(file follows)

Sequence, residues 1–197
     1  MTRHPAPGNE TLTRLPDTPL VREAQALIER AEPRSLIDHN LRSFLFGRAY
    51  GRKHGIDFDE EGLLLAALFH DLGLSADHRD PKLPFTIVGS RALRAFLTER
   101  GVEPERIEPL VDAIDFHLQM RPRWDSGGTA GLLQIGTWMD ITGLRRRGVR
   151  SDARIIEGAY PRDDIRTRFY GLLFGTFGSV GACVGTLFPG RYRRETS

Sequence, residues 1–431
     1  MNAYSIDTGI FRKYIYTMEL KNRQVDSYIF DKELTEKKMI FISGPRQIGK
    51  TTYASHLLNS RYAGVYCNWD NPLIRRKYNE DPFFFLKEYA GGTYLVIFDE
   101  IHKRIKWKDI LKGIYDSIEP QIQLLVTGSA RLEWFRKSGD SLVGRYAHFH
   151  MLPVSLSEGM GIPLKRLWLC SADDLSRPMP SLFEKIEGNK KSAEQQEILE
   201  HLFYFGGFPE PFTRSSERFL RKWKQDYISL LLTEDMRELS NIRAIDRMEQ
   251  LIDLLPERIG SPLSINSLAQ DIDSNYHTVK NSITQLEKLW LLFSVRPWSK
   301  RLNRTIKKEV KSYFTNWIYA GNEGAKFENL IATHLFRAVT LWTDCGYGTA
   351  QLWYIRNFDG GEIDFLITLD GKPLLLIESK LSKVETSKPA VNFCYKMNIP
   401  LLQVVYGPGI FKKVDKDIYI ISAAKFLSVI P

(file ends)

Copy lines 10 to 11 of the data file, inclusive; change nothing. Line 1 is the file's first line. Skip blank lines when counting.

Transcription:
   151  MLPVSLSEGM GIPLKRLWLC SADDLSRPMP SLFEKIEGNK KSAEQQEILE
   201  HLFYFGGFPE PFTRSSERFL RKWKQDYISL LLTEDMRELS NIRAIDRMEQ